AAAI Spring Symposium 2009
Human Behavior Modeling
New: Conference program posted
This workshop will explore methods for creating models of individual and group behavior from data
Models include generative and discriminative statistical models, relational models, and social network models
Data includes low-level sensor data (GPS, RFID, accelerometers, physiological measures, etc.), video, speech, and text
Behaviors include high-level descriptions of purposeful and meaningful activity or abstractions of cognitive and affective states. These include activities of daily living (e.g., preparing a meal), interaction between small sets of individuals (e.g., having a conversation), mass behavior of groups (e.g. the flow of traffic in a city) and related internal user states.
While behavior modeling is part of many research communities, such as intelligent user interfaces, machine vision, smart homes for aging in place, discourse understanding, social network analysis, and others, this workshop will be distinguished by its emphasis on exploring general representations and reasoning methods that can apply across many different domains.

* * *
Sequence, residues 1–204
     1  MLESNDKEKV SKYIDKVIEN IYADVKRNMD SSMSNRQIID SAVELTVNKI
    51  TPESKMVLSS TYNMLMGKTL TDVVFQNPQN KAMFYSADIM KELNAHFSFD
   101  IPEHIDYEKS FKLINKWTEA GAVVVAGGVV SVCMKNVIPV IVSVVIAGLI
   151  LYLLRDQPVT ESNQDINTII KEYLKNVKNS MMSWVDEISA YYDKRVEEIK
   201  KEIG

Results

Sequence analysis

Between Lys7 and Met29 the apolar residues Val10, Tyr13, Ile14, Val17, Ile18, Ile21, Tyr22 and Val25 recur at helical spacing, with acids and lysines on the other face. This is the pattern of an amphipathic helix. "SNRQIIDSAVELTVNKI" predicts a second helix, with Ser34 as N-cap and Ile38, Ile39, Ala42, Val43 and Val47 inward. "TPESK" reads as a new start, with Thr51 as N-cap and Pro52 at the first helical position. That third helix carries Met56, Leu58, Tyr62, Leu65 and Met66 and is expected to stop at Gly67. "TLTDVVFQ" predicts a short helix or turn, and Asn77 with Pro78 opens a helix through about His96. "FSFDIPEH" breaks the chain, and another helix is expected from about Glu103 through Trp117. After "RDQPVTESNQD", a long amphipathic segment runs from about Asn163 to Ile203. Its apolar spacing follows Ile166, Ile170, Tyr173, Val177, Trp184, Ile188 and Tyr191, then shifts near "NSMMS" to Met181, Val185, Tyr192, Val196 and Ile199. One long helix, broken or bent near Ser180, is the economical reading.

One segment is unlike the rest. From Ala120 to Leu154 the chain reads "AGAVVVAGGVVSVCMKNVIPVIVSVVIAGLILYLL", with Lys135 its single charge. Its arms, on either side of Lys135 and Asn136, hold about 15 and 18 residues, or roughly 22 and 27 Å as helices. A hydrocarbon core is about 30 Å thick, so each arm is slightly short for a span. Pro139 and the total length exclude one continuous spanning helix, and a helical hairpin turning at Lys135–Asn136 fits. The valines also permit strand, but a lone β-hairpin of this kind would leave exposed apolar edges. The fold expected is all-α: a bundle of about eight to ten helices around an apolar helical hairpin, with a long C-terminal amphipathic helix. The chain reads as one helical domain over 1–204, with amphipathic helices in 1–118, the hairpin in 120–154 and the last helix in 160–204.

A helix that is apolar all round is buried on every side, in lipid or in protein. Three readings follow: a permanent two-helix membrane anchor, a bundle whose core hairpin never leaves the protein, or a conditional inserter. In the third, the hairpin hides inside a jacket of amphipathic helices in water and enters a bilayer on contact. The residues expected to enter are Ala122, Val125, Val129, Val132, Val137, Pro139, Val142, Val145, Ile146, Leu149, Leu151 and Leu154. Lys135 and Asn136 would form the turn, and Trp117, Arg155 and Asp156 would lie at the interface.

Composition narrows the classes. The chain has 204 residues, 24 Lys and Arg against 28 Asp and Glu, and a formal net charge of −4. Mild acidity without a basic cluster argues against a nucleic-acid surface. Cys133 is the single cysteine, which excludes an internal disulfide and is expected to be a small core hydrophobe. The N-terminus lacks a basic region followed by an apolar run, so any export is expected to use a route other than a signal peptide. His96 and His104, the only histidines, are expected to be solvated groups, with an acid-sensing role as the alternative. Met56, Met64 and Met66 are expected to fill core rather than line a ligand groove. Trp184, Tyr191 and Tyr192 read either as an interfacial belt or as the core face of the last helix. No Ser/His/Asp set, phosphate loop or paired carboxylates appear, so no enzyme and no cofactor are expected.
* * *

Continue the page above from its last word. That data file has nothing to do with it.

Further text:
Questions the participants in the workshop will discuss include:
Representation: Is it important to make all-levels of the model interpretable?
Generalization: What are some effective strategies for generalization?
Domain Knowledge: How can commonsense prior knowledge be combined with sensor data?
Challenges in Collecting Data: What modeling strategies can be used to address challenges in collecting data used for analysis and training?
Evaluation: How do we evaluate models in real world scenarios, especially when ground truth data is sparse or unavailable?